You will be familiar with revising, and you'll probably have developed your own methods by now. But it never hurts to hear how others approach it, and with the step-up that from A levels to university, maintaining good revision practice is key.
Understanding the concepts will not guarantee a good score. Try to work on the actual questions and refer to past paper to learn the style of your institution.
Hyeon Jun Cho, University of Birmingham
Practice the maths. That's usually seen as the difficult side, but in fact it is just a matter of practice.
Vicenc Esteve Guasch, University of East Anglia
Be an active learner: takes notes and question the things you're learning; go through the proofs on your own if you're able.
Kaemel Ragheb, University of Birmingham
The lecturers wrote the exams and the lectures. They want you to do well so go through the lectures until you understand it all and please don't plan for certain areas to come up in the exam and others not to. It always ends badly.
Sam Tilley, Anglia Ruskin University
Go through all the lecture slides and make notes again. Link it to recent headlines and come up with your own questions to challenge yourself.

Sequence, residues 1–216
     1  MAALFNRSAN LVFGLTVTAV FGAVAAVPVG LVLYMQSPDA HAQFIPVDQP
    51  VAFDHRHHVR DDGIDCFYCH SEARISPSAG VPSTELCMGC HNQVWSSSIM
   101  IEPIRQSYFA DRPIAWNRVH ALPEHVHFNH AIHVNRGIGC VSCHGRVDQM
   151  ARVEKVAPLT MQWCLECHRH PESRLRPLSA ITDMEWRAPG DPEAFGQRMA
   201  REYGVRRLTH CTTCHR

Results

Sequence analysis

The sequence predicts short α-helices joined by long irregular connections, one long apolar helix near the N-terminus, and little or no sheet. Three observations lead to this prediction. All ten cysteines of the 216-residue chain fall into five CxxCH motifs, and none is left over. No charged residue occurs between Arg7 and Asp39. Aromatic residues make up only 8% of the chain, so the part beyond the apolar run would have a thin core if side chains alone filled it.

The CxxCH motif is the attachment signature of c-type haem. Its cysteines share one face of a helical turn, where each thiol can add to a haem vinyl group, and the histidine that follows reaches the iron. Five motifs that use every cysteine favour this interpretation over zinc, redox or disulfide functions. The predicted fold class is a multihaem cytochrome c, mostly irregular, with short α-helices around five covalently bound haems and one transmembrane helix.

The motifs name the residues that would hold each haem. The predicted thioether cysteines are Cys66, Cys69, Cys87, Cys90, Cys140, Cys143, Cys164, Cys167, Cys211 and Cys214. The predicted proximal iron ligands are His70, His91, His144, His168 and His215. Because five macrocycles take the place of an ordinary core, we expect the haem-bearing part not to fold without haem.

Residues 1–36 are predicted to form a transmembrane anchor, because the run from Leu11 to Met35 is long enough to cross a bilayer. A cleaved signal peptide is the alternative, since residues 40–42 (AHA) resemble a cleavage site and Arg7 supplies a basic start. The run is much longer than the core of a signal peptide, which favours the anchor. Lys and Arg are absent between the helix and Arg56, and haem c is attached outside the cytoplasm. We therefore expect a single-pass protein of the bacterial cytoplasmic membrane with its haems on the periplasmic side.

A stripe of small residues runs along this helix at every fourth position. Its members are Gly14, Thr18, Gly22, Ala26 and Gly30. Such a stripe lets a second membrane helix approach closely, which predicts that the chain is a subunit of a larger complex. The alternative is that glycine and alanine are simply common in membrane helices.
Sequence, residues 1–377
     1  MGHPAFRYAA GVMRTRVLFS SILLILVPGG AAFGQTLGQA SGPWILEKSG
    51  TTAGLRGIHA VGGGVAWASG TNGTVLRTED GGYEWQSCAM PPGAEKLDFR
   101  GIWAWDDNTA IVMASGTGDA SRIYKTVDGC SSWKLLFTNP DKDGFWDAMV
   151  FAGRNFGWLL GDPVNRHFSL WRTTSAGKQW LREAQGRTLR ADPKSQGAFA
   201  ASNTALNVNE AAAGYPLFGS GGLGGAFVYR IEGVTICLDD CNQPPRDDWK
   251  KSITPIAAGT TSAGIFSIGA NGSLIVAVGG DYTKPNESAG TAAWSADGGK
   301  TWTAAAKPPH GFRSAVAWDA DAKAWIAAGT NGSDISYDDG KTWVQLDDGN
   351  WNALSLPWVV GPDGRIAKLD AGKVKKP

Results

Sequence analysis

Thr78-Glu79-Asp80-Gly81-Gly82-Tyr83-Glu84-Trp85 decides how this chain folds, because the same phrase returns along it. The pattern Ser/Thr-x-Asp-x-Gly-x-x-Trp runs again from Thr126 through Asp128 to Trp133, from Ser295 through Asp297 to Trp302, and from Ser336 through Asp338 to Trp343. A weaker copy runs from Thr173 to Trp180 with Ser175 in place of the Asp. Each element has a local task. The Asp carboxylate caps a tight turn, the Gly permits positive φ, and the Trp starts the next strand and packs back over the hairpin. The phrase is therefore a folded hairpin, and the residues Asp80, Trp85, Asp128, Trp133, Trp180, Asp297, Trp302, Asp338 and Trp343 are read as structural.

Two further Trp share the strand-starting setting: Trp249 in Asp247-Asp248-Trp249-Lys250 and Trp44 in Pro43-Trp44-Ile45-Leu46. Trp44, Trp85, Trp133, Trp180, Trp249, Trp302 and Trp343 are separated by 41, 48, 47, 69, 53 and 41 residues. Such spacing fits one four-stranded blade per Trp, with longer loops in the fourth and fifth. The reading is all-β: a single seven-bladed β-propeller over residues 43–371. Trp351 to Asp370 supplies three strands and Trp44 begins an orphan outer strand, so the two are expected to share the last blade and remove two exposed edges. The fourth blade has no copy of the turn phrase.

Bejal Patel, De Montfort University
Revision is really important. It will be better if you have a long-term plan instead of rushing everything before the exam. Moreover, there will be many essay based exams which need you to practice and try to memorize some academic expressions, especially for some international students who cannot express their ideas in English as easily.
Shiyu Xia, University of Birmingham
What worked well for me is being able to explain the graphs to someone who has no economics knowledge at all. This way I had to understand the graph myself, why there's shifts on a certain curve and what the consequences are. Also, it forces you to understand the basic concepts of economics.
Naheda Miah, Oxford Brookes University
Schedule your revision sessions at the beginning of revision term and stick to it. Take long pauses every now and then.
Giacomo Piccoli, University College London
Try and do a couple mock exam questions and have your teacher take a look at them before the exam so you know what you are doing right and wrong.
Ana Carolina Santos Mendes, Nottingham Trent University